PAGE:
Capra Informis - Tunnels of Qliphoth

Rob Taylor

KMFDM - Yeah!

KMFDM can safely be considered one of the grandfathers of industrial rock at this point, which is to say the bands they've influenced have in turn influenced a third generation of bands. A major line-up change after the band's 1999 break-up changed the direction of the iconic group significantly, but they settled into a stable cast of characters and consistent sound for about a decade, until their last album in 2014, Our Time Will Come, was released. Since then, some of the newer members have become occupied with family and other activities, leaving mastermind Sascha Konietzko and wife Lucia Cifarelli as the only active core members. The three-year hiatus between albums is the longest since the break-up, and seemingly for similar reasons, presenting the pair with a chance for a stylistic overhaul. And it seems they've taken it to a certain extent.

This appetizer EP contains two new tracks from the forthcoming album along with a few remixes. Lead track 'Hell Yeah' opens with Konietzko's adolescent daughter giving something of an inspirational speech over some interestingly ghostly keys. A more standard synth lead kicks in with the band's trademark beats, and then Konietzko and the guitars join. But Konietzko is actually singing, a true rarity, and in fact, he's going about as light as I've heard. Honestly, it's a great change of pace for a band that many have said keep putting out the same album year after year. Still, the chorus goes into more familiar territory, with a bit more yelling and chugging guitar per the norm. But the verses are legitimately fresh. The lyrics are still the usual sloganeering, with a few real head-scratchers thrown in: "Ride the tornado, never look back, dance on the volcano, romping with a powder keg." I get the idea, but the particulars are confusing, especially when sacrificing a rhyming line for such lyrics. Still, the song overall has enough going for it to make it worth a listen.

Second new track 'Freak Flag (Edit)' sees the band going into actual EDM territory, which they haven't done much in decades. Opening with a fun, ping-ponging pair of synths, the vocals are carried by Cifarelli in this instance, and while she's occasionally divisive, she does a serviceable job in this case, and the song itself is different enough to carry past such a small concern. In the verses, the synths carry the load, and in the chorus, the guitars join in, providing stability and a space for the synths to play. The back and forth keeps things interesting, and there are more sonic flourishes than in recent memory.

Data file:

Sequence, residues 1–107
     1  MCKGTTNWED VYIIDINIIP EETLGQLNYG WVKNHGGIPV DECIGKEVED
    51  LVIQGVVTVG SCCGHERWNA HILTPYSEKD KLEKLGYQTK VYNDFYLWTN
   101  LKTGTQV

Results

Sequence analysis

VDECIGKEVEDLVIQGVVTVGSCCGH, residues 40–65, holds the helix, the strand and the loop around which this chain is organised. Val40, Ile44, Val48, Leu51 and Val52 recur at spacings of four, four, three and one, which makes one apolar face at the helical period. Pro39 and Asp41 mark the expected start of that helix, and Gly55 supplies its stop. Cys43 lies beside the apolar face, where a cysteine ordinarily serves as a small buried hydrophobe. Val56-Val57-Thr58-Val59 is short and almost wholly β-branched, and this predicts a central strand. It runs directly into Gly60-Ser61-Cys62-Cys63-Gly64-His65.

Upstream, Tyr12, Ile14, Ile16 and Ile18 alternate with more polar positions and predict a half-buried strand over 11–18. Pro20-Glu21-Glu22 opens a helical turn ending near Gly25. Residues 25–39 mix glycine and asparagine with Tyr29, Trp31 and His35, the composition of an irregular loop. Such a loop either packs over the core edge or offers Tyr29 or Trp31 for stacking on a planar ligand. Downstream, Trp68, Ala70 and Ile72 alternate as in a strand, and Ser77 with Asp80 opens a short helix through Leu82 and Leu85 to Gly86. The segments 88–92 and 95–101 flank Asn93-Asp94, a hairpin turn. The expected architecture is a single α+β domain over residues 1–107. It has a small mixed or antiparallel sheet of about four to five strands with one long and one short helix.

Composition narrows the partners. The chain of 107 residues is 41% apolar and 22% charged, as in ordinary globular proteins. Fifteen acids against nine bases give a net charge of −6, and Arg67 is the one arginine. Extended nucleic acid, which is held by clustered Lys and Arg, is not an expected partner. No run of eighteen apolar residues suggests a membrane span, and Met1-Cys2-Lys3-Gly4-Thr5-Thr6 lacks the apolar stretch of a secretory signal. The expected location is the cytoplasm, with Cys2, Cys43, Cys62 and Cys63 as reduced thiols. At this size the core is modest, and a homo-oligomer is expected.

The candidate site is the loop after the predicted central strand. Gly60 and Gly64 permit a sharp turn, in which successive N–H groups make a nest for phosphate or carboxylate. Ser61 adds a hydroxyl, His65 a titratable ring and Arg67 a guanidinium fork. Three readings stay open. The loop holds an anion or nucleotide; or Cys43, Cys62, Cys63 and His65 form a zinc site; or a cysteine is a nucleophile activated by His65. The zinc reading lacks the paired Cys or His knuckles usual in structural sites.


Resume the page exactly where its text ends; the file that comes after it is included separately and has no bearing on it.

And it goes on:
Next up are the remixes. 'Hell Yeah (Lord of the Lost Remix)' starts out a bit blandly, with simple guitar, beats, and vocals, but rises up into something quite exciting in the chorus, with a rippling, almost revelatory synth rolling through. It's slightly marred by the overmixed and machine-gun fired beats, but still provides another piece of novelty. Then comes a major throwback, 'Attak (2017) KMFDM Remix', a mix of the title track off the band's first album in its second era from back in 2002. Here some of the jolting, spastic synth and guitar work has been replaced with a more rapid-fire, dance floor friendly approach. The original song was solid, and the mix is too, in its own way, creating an interesting bookend for the band's second era, and possibly heralding the beginning of a third. The final track is just an edit of the first track, and doesn't really offer anything new on its own, simply trimming a minute from the play time, probably angled for a radio-friendly length.

Taken as a whole, the small set sees the band trying a few different things while still keeping plenty of the familiar. With three primary members out and a new guitarist, it seems like Konietzko might be aiming to break the mold he put himself in for almost two decades, and more power to him if he is. The release of the new album, Hell Yeah, is scheduled for August, so the full extent of KMFDM 3.0 will become clear then. I'm cautiously optimistic.

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